A gestalt-experiential perspective on resistance

J Clin Psychol. 2002 Feb;58(2):175-83. doi: 10.1002/jclp.1141.


The authors present background on the gestalt-experiential understanding of resistance, conceptualized to be either resistance to awareness or resistance to contact. The authors discuss why they do not use the term resistance and describe the phenomena as a client's self-protective attempt to avoid the anxiety necessitated by change. Such resistant behaviors occur outside a client's awareness and often result in an ambivalence or conflict about change. The authors also describe using in-session experiments as a way to engage with the client in exploring such a state of ambivalence or conflict. Finally, they respond to the case studies presented elsewhere in this issue and propose intervention strategies consistent with the gestalt-experiential perspective.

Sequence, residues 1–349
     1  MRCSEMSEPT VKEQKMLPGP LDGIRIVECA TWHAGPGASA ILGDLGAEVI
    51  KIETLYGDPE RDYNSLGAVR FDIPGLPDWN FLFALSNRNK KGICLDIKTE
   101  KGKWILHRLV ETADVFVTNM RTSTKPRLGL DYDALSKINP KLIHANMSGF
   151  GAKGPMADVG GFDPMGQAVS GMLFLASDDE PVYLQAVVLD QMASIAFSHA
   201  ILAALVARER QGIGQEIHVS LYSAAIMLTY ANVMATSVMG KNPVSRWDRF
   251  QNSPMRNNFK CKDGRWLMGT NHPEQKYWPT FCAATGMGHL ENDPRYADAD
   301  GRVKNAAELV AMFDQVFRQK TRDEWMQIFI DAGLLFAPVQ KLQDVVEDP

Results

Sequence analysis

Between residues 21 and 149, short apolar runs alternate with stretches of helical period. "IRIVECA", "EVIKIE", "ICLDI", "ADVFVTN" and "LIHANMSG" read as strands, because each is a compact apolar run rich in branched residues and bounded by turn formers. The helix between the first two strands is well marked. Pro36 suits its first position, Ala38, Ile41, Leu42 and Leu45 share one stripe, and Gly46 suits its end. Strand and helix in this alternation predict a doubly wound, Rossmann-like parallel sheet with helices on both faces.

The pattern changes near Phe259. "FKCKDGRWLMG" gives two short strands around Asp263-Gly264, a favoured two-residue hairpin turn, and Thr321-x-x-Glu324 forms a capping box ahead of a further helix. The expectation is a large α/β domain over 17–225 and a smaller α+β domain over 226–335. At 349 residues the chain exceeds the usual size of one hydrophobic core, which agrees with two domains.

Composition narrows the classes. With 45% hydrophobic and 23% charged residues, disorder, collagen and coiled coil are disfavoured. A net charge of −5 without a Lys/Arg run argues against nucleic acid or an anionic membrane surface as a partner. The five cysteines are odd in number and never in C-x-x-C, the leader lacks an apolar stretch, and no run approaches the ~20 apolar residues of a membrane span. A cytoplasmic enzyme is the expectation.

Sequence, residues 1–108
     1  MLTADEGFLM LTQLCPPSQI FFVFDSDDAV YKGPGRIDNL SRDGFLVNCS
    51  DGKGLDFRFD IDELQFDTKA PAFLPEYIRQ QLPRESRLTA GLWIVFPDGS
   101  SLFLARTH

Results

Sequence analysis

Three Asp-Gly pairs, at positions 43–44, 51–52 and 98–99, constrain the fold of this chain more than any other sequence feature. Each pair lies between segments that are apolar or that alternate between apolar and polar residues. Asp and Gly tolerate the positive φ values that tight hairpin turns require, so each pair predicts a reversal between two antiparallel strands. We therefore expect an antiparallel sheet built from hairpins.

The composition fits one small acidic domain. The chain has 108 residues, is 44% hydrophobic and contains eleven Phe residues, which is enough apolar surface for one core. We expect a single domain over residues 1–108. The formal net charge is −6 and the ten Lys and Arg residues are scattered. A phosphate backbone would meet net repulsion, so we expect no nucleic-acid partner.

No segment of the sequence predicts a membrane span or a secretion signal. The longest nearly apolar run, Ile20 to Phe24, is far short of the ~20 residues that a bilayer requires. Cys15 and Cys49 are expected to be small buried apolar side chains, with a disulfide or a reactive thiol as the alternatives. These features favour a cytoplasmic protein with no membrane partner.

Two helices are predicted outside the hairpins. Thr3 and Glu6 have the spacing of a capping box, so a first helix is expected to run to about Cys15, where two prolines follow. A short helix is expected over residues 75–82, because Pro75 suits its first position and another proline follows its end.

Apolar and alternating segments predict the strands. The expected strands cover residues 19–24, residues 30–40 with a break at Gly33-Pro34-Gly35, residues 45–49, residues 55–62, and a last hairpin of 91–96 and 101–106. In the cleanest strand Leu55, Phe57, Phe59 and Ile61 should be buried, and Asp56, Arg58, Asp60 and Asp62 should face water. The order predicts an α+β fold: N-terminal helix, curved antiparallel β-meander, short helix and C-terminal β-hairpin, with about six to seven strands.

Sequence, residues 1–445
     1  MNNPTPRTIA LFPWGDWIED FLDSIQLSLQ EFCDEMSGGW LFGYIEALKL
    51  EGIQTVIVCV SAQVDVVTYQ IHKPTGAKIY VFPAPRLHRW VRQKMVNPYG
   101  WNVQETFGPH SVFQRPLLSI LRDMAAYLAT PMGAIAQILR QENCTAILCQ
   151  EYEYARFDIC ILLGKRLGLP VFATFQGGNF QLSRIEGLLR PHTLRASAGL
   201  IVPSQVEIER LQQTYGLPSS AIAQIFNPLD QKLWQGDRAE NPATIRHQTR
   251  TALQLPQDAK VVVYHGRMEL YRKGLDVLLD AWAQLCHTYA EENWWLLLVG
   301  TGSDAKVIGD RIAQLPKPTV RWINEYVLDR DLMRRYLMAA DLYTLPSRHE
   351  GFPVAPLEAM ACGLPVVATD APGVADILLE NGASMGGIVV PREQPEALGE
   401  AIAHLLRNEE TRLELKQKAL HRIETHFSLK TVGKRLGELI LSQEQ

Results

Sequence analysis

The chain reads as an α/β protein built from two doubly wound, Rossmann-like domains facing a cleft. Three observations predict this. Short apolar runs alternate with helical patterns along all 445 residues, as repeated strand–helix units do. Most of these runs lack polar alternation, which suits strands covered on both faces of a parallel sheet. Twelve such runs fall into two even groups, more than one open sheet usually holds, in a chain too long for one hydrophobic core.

Publication types

  • Comment

MeSH terms

  • Adult
  • Anxiety / psychology
  • Countertransference
  • Defense Mechanisms
  • Female
  • Gestalt Theory
  • Humans
  • Male
  • Problem-Based Learning
  • Psychotherapeutic Processes*
  • Treatment Refusal / psychology*
  • Unconscious, Psychology